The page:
|Publication number||US7050565 B2|
|Application number||US 10/261,577|
|Publication date||23 May 2006|
|Filing date||1 Oct 2002|
|Priority date||1 Oct 2002|
|Also published as||US20040062382, WO2004032471A1|
|Publication number||10261577, 261577, US 7050565 B2, US 7050565B2, US-B2-7050565, US7050565 B2, US7050565B2|
|Original Assignee||Nortel Networks Limited|
|Export Citation||BiBTeX, EndNote, RefMan|
|Patent Citations (16), Non-Patent Citations (1), Referenced by (10), Classifications (14), Legal Events (7)|
|External Links: USPTO, USPTO Assignment, Espacenet|
The present invention relates to using multimedia features to supplement call coverage for two or more entities that share an extension.
Traditional telephony services provided by digital switches, such as digital multiplexing switches, have reached their functional limits with existing user interfaces, which essentially are telephone sets having limited displays and simple keypads. Further, the telephone sets have limited bandwidth. Over newer packet networks, multimedia services are flourishing and are capable of exploiting the capabilities of advanced user terminals, desktop computers, and network appliances.
Currently, the vast majority of voice telephony is provided, at least in part, by traditional circuit-switched networks. Given the extensive infrastructure, reliability, and quality of service, the traditional telephony systems are likely to remain a significant part of communications for the foreseeable future. Unfortunately, there has been difficulty integrating voice sessions over the traditional telephony network with multimedia sessions over packet networks. Users prefer the traditional telephony network for voice, yet the voice network is unacceptable for facilitating advanced multimedia services, such as screen sharing, video conferencing, and the like.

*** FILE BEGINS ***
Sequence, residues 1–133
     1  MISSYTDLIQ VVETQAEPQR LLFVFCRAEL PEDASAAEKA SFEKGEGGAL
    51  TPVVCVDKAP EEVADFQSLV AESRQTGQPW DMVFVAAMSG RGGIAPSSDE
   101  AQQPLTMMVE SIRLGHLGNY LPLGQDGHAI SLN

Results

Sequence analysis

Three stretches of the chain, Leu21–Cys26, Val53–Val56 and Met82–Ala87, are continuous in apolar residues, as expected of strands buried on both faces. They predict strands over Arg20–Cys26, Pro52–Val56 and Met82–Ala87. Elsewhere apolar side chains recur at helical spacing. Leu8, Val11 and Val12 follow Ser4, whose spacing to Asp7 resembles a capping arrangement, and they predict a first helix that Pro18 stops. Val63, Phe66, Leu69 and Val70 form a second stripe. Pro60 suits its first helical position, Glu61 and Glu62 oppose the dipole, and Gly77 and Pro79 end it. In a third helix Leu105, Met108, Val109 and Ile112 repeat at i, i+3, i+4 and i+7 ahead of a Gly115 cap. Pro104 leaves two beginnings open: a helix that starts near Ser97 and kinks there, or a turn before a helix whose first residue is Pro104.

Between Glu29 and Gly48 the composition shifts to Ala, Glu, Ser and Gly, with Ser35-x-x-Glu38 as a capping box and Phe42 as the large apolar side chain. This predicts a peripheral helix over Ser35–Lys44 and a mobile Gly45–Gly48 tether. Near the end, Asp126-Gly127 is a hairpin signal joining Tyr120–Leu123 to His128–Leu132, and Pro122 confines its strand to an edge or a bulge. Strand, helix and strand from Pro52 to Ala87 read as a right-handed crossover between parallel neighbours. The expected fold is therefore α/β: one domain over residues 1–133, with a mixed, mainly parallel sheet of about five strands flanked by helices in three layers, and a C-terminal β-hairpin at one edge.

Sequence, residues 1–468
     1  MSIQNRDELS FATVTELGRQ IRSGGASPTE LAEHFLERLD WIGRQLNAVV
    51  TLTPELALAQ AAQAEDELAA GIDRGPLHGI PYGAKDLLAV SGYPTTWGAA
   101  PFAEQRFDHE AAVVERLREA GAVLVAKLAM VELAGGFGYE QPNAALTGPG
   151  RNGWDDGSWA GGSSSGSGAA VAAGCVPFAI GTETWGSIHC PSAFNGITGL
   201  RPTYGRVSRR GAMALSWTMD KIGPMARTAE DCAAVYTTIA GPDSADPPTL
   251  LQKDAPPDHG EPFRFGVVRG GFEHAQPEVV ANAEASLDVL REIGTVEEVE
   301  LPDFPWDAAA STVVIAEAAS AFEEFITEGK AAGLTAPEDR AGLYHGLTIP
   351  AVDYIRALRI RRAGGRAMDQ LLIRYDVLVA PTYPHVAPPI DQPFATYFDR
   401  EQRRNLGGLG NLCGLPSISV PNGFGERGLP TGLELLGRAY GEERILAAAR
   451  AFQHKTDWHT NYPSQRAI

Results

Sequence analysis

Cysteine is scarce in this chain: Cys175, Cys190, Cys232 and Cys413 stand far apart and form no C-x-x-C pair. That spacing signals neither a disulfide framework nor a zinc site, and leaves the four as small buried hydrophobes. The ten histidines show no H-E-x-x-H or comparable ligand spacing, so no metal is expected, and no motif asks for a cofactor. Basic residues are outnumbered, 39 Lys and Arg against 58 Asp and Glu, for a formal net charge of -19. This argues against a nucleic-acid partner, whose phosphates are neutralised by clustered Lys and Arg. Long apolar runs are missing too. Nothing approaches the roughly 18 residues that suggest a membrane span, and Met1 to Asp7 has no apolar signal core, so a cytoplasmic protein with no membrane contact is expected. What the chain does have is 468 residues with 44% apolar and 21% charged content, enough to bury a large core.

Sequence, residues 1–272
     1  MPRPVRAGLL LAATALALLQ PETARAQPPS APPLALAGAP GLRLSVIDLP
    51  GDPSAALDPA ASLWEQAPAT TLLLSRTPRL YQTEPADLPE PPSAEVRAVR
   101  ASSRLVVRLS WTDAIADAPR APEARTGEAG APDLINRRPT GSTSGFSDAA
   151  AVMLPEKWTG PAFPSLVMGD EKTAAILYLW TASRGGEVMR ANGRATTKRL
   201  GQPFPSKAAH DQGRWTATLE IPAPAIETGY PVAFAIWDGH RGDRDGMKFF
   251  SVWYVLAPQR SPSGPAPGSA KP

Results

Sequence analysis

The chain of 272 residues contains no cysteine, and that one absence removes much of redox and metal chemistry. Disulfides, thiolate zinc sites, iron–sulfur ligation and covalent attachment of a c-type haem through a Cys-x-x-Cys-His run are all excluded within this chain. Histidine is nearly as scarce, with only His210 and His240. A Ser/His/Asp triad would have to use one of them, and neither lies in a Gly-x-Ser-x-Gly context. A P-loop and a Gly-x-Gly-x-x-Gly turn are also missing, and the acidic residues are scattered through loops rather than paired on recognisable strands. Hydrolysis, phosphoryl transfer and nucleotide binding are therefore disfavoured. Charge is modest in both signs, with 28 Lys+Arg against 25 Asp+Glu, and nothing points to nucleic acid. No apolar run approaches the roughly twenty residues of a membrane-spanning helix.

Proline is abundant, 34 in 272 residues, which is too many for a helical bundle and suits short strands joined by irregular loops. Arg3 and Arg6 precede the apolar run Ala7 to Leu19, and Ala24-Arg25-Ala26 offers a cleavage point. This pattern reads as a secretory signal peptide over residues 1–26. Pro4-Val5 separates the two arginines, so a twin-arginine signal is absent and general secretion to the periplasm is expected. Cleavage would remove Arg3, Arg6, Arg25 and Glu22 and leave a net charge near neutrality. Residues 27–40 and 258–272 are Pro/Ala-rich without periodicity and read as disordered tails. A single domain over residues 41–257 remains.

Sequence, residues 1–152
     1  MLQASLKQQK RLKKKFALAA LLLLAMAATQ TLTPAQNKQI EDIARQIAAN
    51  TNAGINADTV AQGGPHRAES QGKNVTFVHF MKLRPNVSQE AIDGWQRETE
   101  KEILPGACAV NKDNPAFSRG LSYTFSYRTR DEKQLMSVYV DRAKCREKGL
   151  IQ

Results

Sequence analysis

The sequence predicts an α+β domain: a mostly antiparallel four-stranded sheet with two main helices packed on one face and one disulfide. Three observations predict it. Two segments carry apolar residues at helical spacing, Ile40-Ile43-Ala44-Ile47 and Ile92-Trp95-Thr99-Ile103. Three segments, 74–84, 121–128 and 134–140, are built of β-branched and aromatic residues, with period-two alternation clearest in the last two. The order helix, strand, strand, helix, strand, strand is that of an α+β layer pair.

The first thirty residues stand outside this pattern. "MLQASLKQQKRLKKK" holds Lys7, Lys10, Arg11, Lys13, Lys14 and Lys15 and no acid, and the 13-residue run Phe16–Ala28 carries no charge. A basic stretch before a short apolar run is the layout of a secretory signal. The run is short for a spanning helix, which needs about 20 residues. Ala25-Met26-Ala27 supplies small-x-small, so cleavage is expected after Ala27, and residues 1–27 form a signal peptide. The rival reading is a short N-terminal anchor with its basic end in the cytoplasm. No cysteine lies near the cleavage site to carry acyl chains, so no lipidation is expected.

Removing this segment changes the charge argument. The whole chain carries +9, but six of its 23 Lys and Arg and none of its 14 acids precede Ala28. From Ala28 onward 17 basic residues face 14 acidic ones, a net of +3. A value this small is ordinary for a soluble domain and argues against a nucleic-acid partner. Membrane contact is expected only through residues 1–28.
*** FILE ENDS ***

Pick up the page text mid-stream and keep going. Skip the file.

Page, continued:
In addition to the difficulties of integrating the voice and multimedia sessions, integrating services that heretofore were available on voice systems is proving problematic. For example, several years ago, a voice service was introduced which allowed two extensions to share a number such that if a call came in, the phone at both locations would ring, calls could be put on hold at one phone and picked up at the other, or other similar sorts of activities. This was particularly useful for boss-secretary arrangements.
While the problem of porting this functionality over to a packet based network has been solved, there remains a need to exploit the full force and power of multimedia services in combination with this call coverage functionality.
The present invention uses a combined user agent to allow parties associated with a shared directory number to communicate with each other in the multimedia domain before, during, and after a call. This allows the parties to share information about the nature of the call, determine how a call should be handled, and assure that incoming calls have been answered.
In a particular embodiment of the present invention, a call is made to an intended recipient. The intended recipient has a second individual associated therewith providing joint call coverage. The call is routed to a combined user agent, which receives information about the caller so that call screening and routing may be performed based on a pre-established user profile. Call information is forwarded to computers associated with both the intended recipient and the second individual.